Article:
Down the stretch this season, Oregon’s offense has been on an absolute tear. Heisman hopeful Bo Nix has put up ridiculous numbers. Perhaps the most telling is his 78-percent completion rate, which is the best in college football history. However, Oregon does have a strange problem in the red zone — and it isn’t the kicking game.
When the Ducks have first and goal from the 10-yard line, they have trouble punching it in for a score. If there are fewer than five yards then they will usually find their way to the end zone, but if they need 10 yards it’s a problem.
At 10 yards, the Ducks can’t power run the ball in easily, because the opposing defense is able to crowd the line of scrimmage effectively due to the short field. This is exactly what the Beavers did to Oregon with six minutes to play in the third quarter.
That series went like this:
- First down: run for one yard.
- Second down: run for two yards.
- Third down: incomplete pass.
- Fourth down field goal.
When Oregon went to pass on third and goal from the seven, Nix felt some pressure and missed Tez Johnson. However, even if Johnson had caught the ball, there wasn’t enough separation between him and his defender for him to score. With a short field, the passing windows are smaller, because with no threat of a long pass, there are more defenders in a smaller area.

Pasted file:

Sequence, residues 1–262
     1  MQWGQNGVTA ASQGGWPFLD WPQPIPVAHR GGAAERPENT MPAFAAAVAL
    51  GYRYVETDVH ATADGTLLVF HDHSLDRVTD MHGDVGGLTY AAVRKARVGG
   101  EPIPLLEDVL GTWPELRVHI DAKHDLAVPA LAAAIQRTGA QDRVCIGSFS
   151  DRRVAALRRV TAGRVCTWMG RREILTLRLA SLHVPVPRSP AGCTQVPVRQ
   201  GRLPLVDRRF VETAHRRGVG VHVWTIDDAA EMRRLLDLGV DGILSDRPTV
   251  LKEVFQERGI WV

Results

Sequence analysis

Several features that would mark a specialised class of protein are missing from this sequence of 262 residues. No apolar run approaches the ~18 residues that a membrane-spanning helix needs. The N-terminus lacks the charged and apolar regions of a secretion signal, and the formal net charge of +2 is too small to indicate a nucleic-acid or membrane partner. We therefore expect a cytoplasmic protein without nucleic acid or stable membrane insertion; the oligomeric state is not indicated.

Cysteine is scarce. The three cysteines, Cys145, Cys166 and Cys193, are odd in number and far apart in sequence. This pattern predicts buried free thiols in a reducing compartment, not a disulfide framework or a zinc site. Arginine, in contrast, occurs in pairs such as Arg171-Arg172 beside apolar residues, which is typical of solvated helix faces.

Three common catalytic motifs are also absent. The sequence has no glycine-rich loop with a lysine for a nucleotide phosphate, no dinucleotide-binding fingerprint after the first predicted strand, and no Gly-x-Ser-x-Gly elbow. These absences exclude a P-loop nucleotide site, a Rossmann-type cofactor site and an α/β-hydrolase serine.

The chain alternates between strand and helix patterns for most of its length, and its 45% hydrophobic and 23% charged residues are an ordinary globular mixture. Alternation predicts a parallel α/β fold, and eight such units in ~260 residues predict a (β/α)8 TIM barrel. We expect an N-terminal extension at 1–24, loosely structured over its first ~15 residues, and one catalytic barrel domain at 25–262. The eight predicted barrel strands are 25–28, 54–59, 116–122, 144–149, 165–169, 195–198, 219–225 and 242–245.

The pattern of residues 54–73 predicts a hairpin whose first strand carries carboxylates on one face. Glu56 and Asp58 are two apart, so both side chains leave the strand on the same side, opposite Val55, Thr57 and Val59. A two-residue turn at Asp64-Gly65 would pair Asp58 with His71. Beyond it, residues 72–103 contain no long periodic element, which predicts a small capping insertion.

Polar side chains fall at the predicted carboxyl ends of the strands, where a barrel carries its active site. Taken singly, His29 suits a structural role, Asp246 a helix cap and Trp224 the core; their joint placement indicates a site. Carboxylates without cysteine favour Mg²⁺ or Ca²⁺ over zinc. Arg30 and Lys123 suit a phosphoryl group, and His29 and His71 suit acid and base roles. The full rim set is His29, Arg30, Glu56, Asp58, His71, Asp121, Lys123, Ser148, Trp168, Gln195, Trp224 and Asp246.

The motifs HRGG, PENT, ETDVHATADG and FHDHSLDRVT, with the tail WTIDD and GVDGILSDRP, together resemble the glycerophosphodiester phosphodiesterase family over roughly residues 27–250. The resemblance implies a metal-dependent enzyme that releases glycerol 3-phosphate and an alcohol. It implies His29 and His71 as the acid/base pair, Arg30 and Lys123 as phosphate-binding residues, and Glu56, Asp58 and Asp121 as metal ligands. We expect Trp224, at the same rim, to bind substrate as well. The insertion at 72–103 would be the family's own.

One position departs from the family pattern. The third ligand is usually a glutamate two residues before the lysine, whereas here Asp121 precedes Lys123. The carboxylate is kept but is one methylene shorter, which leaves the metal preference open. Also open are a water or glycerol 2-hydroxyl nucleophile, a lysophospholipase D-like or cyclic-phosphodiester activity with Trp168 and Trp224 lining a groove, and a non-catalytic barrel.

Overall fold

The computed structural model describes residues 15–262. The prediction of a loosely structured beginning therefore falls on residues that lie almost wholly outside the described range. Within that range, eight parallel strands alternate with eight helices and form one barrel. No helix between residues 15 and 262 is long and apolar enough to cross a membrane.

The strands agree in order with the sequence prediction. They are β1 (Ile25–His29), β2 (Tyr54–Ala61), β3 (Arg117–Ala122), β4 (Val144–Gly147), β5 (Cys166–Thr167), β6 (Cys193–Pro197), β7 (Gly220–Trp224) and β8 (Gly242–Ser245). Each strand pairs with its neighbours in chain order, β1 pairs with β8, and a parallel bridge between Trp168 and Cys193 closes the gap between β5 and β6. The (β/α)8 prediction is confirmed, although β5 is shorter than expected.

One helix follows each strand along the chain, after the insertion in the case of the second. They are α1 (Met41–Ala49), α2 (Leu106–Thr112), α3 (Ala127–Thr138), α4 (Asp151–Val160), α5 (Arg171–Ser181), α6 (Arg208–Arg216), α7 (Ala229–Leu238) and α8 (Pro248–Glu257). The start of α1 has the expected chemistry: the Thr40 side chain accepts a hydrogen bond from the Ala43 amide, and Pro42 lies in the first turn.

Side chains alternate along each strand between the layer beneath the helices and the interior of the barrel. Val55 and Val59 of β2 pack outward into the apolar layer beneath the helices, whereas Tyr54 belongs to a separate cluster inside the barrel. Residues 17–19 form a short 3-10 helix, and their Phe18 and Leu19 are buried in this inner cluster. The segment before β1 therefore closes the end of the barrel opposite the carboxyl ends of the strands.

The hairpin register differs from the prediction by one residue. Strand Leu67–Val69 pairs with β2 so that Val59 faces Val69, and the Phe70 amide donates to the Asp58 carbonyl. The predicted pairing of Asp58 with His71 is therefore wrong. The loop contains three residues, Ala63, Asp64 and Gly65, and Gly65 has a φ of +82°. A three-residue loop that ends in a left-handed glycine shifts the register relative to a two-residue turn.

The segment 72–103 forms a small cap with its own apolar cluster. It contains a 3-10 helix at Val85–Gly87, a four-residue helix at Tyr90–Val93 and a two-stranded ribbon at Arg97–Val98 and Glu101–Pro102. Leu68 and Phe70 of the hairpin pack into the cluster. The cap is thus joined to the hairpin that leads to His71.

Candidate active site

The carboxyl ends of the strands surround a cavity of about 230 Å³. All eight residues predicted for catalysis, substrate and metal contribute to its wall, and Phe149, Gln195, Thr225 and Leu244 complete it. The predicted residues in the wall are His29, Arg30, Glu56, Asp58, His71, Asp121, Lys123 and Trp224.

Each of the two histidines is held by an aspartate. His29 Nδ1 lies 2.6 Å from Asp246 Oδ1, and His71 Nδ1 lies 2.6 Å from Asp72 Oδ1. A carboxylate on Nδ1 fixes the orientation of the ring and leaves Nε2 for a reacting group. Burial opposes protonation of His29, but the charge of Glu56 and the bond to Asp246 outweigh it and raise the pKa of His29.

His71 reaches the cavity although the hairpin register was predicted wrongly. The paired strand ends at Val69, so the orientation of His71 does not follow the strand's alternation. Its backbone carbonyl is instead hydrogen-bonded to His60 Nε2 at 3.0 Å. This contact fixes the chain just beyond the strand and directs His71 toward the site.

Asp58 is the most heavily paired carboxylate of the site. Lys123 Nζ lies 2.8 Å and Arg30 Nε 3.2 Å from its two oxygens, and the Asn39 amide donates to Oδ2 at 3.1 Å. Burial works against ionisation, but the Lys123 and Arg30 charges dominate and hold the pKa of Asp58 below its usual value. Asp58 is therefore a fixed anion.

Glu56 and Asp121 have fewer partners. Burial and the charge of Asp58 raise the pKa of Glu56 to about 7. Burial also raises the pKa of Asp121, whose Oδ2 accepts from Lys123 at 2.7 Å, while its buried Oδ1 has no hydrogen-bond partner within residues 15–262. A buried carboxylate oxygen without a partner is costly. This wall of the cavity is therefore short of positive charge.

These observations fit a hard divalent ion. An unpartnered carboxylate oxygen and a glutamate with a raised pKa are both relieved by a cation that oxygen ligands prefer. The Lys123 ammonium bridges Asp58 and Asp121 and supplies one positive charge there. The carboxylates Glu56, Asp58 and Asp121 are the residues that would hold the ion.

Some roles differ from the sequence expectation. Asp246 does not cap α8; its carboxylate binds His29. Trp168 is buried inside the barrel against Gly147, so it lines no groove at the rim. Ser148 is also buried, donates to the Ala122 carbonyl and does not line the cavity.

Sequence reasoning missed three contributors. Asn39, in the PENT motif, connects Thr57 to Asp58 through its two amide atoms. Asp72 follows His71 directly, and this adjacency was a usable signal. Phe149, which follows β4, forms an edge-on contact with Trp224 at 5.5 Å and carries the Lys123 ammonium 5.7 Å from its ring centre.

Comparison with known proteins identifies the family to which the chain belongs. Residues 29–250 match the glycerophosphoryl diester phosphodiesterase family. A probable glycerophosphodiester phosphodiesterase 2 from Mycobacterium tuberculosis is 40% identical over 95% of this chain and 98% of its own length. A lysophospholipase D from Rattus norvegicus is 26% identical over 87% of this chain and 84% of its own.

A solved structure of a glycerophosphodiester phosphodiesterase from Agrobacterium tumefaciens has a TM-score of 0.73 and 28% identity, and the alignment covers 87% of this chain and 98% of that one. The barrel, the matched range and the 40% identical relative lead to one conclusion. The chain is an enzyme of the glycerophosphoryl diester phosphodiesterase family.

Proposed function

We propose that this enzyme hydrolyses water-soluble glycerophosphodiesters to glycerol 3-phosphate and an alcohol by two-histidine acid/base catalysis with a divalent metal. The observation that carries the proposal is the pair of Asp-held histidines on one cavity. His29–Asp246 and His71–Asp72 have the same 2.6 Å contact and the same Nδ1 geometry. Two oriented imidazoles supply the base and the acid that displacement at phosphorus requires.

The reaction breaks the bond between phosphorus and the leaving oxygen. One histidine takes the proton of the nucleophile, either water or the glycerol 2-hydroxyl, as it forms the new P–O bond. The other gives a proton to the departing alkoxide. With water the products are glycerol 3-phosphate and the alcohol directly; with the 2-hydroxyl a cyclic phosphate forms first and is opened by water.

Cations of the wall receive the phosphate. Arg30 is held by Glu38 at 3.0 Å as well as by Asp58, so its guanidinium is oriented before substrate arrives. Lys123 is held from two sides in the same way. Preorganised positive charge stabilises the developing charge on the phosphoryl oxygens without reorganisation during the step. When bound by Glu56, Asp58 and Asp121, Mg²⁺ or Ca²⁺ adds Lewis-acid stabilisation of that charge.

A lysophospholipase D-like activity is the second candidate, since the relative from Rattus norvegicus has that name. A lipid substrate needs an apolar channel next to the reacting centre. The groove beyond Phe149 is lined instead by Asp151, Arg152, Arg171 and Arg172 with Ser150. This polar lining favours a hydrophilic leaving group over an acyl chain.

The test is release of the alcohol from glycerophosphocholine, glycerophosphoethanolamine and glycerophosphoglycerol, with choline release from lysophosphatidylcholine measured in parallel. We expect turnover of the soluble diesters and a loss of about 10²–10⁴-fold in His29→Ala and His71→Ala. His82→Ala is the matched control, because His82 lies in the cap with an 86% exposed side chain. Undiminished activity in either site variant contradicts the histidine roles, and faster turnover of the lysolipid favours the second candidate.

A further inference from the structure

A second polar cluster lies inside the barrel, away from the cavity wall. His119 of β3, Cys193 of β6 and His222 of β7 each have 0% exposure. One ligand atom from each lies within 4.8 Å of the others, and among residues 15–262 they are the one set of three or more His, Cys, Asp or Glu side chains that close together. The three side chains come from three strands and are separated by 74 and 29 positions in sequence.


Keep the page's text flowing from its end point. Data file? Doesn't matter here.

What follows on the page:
This problem goes beyond the game with Beavers. In fact, Oregon has had the problem for most of the season.
Against Washington State, Oregon’s first scoring drive had a similar set of downs. With first and goal from the 10, Oregon started with a false start penalty. So, first and goal from the 15. A run got Oregon to the nine-yard line. Then, after two incomplete passes, they had to settle for a field goal.
Something similar happened at the 15-yard line in the USC game. And against Arizona State in a similar situation, Nix threw to Terrance Ferguson for a touchdown that was called back due to offensive pass interference. Oregon again had to settle for a field goal attempt — which, by the way, they botched.
Will Stein has done an amazing job with Oregon’s offense this year, but this is one area that needs his attention. What plays can he go to in order to finish off drives when he is working with a short field? Settling for field goals in these situations probably won’t be good enough down the final stretch of the season.
There are plenty of ways that Stein can fix this problem. He could throw more often to tight ends. Tight ends are great for red zone situations, as they are bigger targets that can go up and get the ball over shorter defenders. Fade routes can be effective as well, so perhaps he could use them more often. In any case, the Ducks will need to figure something out soon.
The Ducks have the talent, but they need to plan around this part of the field, where it seems thta Duck scoring drives go to die.
Top Photo By Craig Strobeck
Bob Rodes, the FishDuck.com Volunteer editor for this article, is an IT analyst, software developer and amateur classical pianist in Manchester, Tennessee.
David Marsh is a high school social studies teacher in Portland, Oregon. As a teacher he is known for telling puns to his students who sometimes laugh out of sympathy, and being both eccentric about history and the Ducks.
David graduated from the University of Oregon in 2012 with Majors in: Medieval Studies, Religious Studies, and Geography. David began following Ducks Football after being in a car accident in 2012; finding football something new and exciting to learn about during this difficult time in his life. Now, he cannot see life without Oregon football.
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